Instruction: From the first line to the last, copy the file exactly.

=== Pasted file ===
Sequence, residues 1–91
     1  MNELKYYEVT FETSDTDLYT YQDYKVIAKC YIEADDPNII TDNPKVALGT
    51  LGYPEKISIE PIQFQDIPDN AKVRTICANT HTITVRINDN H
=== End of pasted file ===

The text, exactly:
Sequence, residues 1–91
     1  MNELKYYEVT FETSDTDLYT YQDYKVIAKC YIEADDPNII TDNPKVALGT
    51  LGYPEKISIE PIQFQDIPDN AKVRTICANT HTITVRINDN H